When Sarah Lee asked herself what she wanted to do when she grew up, she did what any millennial might do: She Googled it. “I searched ‘good at math, but don’t want to be a teacher’, and actuary was one of the first things that came up,” she says.
About a decade later, Lee is now happily in her second year as a senior actuarial analyst at Delta Dental. It might not sound like the most “millennial” career, but a job in the insurance industry offers more appeal to the rising workforce than it might seem on the surface.
A recent survey from Vertafore© found that “87% of millennials in the industry would recommend a career in insurance” to their friends. What’s more, 76% have been in insurance for more than three years and 72% plan to stay in the industry as long as possible, bucking the popular stereotype of millennial job hopping.
For millennials at Delta Dental, the excitement of an industry that’s always changing keeps them engaged at work.
“There’s always something new in your current role, so you never really get bored of what you’re doing,” says Ben Calderon, senior actuarial analyst. “That’s definitely important. I don’t want to feel stagnant in my position.”
Conversely, Calderon says millennials fuel the evolution of the industry with new ideas and skills.
That’s what attracted Shamekha Ghani to the newly created role of business intelligence manager at Delta Dental. Feeling like her previous position had gotten too routine, she jumped at the chance to “have a big impact” in her job.
“Millennials are very driven by learning, by having challenges,” she says. “They’re really concerned about their career development. They really want to feel like they’re making progress.”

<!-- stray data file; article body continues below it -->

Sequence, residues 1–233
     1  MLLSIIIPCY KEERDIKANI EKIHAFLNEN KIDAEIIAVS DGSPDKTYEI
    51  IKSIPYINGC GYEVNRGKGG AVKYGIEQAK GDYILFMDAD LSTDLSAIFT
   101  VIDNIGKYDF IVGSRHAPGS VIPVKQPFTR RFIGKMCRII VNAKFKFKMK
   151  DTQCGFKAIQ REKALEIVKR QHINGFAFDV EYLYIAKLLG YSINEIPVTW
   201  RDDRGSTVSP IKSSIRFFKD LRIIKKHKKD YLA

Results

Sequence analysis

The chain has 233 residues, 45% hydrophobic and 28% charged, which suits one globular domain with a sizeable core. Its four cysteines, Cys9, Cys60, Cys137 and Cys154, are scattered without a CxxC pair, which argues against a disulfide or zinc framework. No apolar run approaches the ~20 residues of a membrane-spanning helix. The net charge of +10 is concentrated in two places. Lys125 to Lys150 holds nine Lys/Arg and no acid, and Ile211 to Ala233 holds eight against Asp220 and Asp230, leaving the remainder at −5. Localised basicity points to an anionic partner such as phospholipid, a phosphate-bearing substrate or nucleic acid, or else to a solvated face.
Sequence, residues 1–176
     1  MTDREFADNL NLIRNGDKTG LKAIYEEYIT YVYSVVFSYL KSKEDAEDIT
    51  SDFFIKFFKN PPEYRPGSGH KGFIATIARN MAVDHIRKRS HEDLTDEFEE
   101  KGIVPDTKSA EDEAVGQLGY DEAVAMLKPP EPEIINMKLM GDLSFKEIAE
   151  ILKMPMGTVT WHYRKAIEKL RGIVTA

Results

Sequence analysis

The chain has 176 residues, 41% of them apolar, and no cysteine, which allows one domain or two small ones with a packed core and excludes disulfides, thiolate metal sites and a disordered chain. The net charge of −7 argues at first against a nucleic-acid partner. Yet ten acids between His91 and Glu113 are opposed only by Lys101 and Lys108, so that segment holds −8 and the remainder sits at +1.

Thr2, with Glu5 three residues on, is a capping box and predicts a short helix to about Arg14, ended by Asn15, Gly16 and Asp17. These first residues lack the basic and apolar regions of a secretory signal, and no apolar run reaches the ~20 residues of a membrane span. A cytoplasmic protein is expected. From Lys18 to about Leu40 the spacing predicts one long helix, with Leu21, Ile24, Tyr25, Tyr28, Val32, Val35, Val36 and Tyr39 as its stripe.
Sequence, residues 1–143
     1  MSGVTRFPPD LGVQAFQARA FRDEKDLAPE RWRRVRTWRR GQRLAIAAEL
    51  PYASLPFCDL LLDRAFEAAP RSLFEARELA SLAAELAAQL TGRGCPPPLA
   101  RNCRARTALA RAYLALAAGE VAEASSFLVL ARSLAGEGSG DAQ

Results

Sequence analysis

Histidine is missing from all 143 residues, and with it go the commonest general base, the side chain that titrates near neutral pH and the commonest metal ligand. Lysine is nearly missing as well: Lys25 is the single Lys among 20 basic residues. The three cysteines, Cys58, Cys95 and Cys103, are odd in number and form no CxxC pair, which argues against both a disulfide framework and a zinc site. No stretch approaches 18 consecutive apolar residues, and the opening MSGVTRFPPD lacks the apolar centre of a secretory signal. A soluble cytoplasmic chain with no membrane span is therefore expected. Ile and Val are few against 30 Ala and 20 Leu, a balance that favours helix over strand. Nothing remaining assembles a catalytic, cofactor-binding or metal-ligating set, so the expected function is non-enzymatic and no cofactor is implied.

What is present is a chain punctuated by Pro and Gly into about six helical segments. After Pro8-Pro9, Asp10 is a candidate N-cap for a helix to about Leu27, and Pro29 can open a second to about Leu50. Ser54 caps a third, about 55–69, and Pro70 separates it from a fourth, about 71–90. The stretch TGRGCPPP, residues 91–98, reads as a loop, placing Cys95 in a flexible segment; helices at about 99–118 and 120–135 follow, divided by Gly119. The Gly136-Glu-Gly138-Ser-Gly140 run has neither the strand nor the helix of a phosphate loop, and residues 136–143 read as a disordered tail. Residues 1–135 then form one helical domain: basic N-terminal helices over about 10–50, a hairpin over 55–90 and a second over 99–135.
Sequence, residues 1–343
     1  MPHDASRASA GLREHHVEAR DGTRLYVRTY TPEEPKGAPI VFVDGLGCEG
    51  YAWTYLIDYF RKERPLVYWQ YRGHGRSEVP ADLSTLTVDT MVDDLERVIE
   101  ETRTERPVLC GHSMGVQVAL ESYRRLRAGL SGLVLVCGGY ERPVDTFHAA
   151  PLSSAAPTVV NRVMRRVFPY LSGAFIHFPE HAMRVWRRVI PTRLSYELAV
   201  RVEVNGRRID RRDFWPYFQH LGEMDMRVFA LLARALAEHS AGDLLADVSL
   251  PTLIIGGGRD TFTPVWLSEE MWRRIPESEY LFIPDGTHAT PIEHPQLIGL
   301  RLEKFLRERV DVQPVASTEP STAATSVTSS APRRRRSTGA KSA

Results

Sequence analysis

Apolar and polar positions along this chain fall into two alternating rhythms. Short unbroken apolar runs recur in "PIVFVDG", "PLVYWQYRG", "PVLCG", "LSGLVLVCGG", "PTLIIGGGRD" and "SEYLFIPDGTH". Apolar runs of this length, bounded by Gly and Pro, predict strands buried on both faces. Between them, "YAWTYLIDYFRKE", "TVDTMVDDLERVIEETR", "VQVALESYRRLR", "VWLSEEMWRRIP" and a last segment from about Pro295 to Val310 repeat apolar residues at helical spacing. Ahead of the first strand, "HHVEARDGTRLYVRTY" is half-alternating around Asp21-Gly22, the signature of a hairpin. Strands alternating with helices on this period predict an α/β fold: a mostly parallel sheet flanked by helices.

Even in traditional roles, a fresh perspective can make a big difference. When Taylor Granville started at Delta Dental, she saw an opportunity to take her account manager position to a new level.
Granville was originally drawn to the client-facing nature of the role—rather than the world of insurance. But now she’s a major advocate for the importance of dental benefits, and she loves speaking with people and giving them the opportunity to enroll and improve their oral health.
“If you’re driven and you like to make a difference in people’s lives, then it’s definitely the industry to be in,” Granville says.
She adds that the strong insurance job market may allow young millennials to get a fast start on a career.
The intrigue of a stable job with room for advancement might sound old-fashioned, but it’s not completely lost on millennials.
“When I was choosing what career path to go down, I was really focused on [job] stability, and I feel like a lot of my peers were not,” Lee says.
The insurance industry might not seem flashy enough for some millennials, but the ones who found themselves at Delta Dental have found a lot to like. And they can see why 87% of their surveyed peers would recommend a job in insurance.
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